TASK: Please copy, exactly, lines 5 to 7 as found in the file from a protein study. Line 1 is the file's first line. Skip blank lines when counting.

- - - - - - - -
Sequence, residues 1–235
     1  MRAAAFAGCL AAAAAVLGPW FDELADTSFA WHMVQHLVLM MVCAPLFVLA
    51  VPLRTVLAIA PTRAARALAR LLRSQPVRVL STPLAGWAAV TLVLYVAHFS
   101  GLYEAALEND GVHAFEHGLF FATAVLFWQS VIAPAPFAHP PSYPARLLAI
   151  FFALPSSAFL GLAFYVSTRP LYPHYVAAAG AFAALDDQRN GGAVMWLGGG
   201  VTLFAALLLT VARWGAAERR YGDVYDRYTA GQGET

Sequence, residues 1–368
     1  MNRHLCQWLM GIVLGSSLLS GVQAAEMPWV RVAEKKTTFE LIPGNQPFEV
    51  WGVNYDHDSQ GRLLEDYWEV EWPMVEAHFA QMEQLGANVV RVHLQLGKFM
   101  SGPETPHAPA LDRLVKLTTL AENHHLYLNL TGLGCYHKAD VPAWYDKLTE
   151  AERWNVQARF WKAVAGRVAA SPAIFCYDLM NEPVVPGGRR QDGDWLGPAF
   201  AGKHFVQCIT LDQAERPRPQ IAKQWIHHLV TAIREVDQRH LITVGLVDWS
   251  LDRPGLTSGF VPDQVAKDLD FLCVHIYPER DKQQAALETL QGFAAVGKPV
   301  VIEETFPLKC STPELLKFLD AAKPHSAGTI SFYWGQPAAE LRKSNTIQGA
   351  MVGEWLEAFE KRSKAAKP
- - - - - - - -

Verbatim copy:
   151  FFALPSSAFL GLAFYVSTRP LYPHYVAAAG AFAALDDQRN GGAVMWLGGG
   201  VTLFAALLLT VARWGAAERR YGDVYDRYTA GQGET

Sequence, residues 1–368